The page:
What Preschool Looks Like In Our House

It’s that time of year again.  That weird part of summer when you start craving scarves and all things pumpkin, but the weatherman says it’s going to be in the high 90’s into the foreseeable future.  Target smells of pink erasers and school shoes, and as you stare at the endless aisles of pencils and notebooks, you find yourself wondering if you could squeeze in one last trip to the beach before summer gives up on you.

And just like that, your Facebook newsfeed is filled with photo after photo of “first day of school” snapshots, and all sorts of nonsense about football this and that.

Today, I joined the “back to school” club and posted photos of my sweet minions wearing their backpacks.  I didn’t think anything of it until I received a message from a fellow homeschool mom, thanking me for posting photos.  It made me realize that a year ago, I, too, wondered if it would be strange for me to post photos of my barefoot, home educated kiddo on his first day of “preschool”.  After all, he was not going to preschool, in the traditional sense.  But he would still be learning, and growing, and it was a moment to be celebrated.  So, post away, homeschool parents!

I am often asked what we DO for school, and I realized that people think that everyday, from 8:00a.m.-noon, my house looks like Pinterest vomited preschool activities all over it, complete with teddybear shaped snacks and Mother Goose nursery rhymes.  Umm…NO.  If that’s your style, by all means, I think you’re a rockstar, but that would simply kill my soul.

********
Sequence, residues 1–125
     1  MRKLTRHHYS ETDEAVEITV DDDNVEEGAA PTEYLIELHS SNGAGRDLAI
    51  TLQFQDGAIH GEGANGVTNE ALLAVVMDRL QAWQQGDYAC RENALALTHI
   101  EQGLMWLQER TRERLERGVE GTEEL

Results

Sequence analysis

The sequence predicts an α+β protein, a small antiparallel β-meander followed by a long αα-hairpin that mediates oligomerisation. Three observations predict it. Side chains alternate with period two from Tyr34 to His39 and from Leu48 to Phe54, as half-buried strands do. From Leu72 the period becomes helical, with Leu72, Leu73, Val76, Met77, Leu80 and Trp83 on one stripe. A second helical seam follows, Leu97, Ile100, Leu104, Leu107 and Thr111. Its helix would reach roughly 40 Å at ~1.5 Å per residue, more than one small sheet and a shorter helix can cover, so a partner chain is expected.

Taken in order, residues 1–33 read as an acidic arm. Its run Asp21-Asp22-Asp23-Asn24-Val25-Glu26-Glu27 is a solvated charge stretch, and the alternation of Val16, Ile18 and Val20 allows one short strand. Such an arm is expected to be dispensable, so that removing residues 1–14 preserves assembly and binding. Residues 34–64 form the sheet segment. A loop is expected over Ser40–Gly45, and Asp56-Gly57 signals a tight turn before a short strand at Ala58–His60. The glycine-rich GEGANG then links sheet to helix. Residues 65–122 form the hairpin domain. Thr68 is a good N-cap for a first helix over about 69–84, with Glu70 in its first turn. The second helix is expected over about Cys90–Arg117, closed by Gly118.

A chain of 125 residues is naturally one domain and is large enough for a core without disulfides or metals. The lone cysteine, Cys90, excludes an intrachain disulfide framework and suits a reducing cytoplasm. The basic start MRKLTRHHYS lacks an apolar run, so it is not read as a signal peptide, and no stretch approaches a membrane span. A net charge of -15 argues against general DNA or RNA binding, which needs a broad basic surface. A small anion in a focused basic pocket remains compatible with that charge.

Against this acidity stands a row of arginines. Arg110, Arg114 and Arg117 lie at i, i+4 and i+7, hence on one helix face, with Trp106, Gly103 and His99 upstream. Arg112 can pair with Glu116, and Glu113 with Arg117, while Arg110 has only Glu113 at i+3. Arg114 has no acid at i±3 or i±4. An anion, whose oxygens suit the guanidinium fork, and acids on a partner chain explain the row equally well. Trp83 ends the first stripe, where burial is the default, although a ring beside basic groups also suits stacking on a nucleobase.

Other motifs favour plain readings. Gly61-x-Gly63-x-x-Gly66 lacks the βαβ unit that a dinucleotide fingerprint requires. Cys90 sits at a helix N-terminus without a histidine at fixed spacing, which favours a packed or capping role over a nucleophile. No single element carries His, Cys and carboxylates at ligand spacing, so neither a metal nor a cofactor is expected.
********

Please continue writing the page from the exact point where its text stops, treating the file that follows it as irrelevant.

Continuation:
Our days look something like this: morning cartoons, breakfast, playtime, get dressed (or not), one to two hours of story time, workbooks, and something fun like scissors, paint, play-dough or blocks, and then…just…life.

If the boys seem really interested in learning about something, we roll with it.  For instance, last year, Jude and I learned all about every kind of weather pattern and natural disaster.  When we finished a week on hurricanes, he would say, “now earthquakes!”

Another example: Jude and I have been talking about the benefits of composting for a while now, so today, when he said, “Hey let’s go put these eggshells outside and start our compost pile,” I replied, “Why not?”  Because really, WHY NOT.  The biggest thing I have learned in my little year of homeschooling is that often the best learning opportunities aren’t written on my planner.  They happen when I say “yes” to composting on a humid afternoon, or when I take the time to sound out the letters in s-t-o-p at the stop sign.  They happen when I let my little men crack eggs into the skillet even though I know I’ll be picking out teeny fragments of shell.  They also happen when we share life with other people; when they get to pick out flowers to bring to our 98 year old neighbor and then actually interact with her…you know, like kids did before there were a billion electronic devices to hide behind while mom and dad visited the elderly neighbor.

So, as imperfect as it may be, that’s our simple little version of school.  I’m not going to lie…there are days when I feel like driving them to the nearest preschool so I can have a few hours of blasted QUIET.  But mostly?  It fits us in this season of life and I love it.

Happy school year!

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  1. Thanks for sharing Jo. We are getting ready to start our homeschool plan here in the Netherlands. I loce seeing how other people do it!

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